Later, we’re rehearsing the dumb show that starts the play where the murders of Desdemona and Juliet are acted out silently as written in Shakespeare’s plays. I’ve blocked Melissa, who plays Desdemona, to do a pilates-worthy slow lie down as she’s smothered, while Bonnie, who plays Juliet, bolts straight up from her slumber to discover dead Romeo and the dagger. We commence rehearsing the action, when:
“Oooooh I get it!” Bonnie shouts, stopping us, charmingly. We all laugh, and encourage her to tell us what’s up. “She’s lying down while I’m getting up. Goodnight Desdemona, Good Morning Juliet. Get it?”
*DING!* Epiphany 2. The physical action mirrors the words. Desdemona lying down is like going to sleep; Juliet sitting upright is like waking up. As simple and obvious as this sounds, it’s helpful to find a physical connection to these Themes with a capital T.
Oh yes, the Themes. The safety of Desdemona and Juliet is, of course, a metaphor for Constance’s self-actualization. By transforming their fates, she has transformed her own. By determining their continuation, she has asserted her own ability to move on from a low, humiliating moment in her life. But the actors don’t care about that more than peripherally. They care about how they can play that moment, which can feel like the author’s (Ann-Marie MacDonald’s) Jungian thesis blotting the drama with a rather bold stroke of Theme.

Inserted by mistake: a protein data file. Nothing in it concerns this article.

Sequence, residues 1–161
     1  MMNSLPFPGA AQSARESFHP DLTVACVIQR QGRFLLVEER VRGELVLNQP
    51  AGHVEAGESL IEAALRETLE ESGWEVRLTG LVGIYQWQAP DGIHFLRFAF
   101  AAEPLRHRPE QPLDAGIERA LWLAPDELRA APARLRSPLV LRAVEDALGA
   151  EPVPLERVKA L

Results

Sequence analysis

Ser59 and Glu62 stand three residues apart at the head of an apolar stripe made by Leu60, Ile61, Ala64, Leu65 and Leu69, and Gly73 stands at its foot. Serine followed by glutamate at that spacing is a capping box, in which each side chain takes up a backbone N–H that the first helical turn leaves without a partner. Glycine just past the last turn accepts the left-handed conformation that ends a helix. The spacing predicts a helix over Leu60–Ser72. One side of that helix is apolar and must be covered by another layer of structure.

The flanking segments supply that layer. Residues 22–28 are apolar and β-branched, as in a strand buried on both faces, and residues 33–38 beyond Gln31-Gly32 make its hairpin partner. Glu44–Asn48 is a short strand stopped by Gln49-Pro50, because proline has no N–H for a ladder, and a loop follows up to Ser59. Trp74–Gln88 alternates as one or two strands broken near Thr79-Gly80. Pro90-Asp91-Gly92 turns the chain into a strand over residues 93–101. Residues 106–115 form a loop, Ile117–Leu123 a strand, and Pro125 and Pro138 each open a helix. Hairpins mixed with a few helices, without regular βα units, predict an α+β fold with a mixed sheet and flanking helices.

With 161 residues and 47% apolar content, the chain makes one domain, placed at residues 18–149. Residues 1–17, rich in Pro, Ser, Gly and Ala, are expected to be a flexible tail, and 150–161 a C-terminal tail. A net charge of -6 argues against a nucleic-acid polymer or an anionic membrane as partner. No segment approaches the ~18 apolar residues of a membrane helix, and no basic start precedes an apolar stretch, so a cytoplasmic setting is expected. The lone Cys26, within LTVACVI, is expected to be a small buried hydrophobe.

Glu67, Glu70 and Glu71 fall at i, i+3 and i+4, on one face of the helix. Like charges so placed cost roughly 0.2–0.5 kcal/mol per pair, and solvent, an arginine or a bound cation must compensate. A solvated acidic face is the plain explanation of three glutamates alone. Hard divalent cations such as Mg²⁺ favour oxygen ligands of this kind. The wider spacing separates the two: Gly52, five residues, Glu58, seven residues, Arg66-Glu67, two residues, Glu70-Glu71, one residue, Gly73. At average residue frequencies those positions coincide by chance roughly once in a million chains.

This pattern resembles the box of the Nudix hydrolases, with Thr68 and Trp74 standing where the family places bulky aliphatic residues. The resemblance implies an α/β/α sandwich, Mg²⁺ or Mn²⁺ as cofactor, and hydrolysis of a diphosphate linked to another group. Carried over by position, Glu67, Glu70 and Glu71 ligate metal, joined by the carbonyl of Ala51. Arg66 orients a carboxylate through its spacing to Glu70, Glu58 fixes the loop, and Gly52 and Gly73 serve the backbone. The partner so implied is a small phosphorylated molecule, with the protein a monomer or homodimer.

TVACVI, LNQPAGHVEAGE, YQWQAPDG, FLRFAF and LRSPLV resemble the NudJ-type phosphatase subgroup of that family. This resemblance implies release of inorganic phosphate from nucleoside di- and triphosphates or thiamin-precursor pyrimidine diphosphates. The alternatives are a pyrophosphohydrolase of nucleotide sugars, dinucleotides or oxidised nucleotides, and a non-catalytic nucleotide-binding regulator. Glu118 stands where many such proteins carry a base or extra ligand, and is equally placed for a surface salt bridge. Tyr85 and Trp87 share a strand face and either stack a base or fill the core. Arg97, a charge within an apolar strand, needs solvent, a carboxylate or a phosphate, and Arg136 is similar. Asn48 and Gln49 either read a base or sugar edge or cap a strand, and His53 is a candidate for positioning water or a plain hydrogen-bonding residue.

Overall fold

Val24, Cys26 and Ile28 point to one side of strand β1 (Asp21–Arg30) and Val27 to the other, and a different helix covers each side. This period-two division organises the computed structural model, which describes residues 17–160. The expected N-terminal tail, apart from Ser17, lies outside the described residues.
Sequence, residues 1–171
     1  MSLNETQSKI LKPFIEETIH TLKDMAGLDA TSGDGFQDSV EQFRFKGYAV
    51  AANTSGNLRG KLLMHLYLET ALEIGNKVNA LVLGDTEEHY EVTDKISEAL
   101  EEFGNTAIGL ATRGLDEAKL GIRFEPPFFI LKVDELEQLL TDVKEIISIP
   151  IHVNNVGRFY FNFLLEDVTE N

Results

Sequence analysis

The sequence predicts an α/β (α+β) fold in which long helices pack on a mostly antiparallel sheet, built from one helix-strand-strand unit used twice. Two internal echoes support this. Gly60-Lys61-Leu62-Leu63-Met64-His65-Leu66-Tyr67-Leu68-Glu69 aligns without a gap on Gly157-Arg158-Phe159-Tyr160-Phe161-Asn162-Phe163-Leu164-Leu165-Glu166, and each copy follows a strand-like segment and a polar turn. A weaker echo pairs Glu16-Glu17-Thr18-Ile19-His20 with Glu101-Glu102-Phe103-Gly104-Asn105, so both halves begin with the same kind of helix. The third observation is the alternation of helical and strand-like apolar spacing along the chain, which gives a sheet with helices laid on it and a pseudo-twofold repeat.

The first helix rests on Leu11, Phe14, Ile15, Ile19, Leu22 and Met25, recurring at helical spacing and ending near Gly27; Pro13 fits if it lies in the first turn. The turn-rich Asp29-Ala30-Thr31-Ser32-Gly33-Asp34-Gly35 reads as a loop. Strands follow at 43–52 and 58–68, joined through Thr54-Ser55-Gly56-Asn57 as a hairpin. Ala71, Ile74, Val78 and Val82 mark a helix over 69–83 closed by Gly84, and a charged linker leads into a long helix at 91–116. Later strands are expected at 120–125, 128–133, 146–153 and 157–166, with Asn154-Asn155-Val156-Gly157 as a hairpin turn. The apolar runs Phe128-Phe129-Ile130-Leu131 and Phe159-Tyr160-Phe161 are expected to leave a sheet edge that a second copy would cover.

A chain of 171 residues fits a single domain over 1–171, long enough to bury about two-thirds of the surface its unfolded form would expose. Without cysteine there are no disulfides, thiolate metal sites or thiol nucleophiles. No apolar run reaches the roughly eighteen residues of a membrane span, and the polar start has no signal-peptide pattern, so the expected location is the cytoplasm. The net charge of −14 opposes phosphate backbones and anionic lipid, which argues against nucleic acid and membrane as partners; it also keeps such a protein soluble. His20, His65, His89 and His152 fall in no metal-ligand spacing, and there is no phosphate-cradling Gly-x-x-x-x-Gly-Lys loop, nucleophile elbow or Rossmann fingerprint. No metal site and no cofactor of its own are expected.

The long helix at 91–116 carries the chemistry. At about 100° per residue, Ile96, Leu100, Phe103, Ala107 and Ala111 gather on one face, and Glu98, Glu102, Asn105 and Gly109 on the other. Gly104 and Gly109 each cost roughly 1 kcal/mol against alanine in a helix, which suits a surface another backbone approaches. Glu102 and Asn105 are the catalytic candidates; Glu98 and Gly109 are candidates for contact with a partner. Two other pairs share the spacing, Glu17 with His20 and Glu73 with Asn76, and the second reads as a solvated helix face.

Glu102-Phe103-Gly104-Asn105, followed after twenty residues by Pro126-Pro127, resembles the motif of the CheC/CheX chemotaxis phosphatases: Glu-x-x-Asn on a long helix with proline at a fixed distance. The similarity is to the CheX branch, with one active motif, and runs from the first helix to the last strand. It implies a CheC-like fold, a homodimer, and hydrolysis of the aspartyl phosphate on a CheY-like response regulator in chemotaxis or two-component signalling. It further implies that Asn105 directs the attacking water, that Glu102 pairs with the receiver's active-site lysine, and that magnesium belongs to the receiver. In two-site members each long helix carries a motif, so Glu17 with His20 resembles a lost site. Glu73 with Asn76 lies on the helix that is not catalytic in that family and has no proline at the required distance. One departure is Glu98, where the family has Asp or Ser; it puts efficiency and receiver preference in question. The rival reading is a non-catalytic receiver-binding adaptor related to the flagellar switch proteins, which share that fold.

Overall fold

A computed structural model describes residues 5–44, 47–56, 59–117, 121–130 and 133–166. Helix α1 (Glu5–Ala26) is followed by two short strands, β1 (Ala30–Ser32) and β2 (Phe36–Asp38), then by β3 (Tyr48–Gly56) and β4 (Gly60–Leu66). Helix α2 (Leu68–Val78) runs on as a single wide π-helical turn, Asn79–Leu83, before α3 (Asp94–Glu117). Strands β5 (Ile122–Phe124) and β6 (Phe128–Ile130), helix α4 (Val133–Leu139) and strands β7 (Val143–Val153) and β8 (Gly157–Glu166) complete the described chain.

I sense that the trend in popular theater is toward hyper-naturalism. We see cross-sections of living rooms, people texting lines of dialogue, we expect blood and drunkenness to be as close to the real deal as possible. In truth, most theater is poetry, and Goodnight Desdemona is especially so. I mean, good lord, the woman falls down her trashcan, we’re not exactly looking at O’Neill here. The Themes, the Metaphorical Subtext are important, though hard as heck to play in a way that is engaging, active, and entertaining.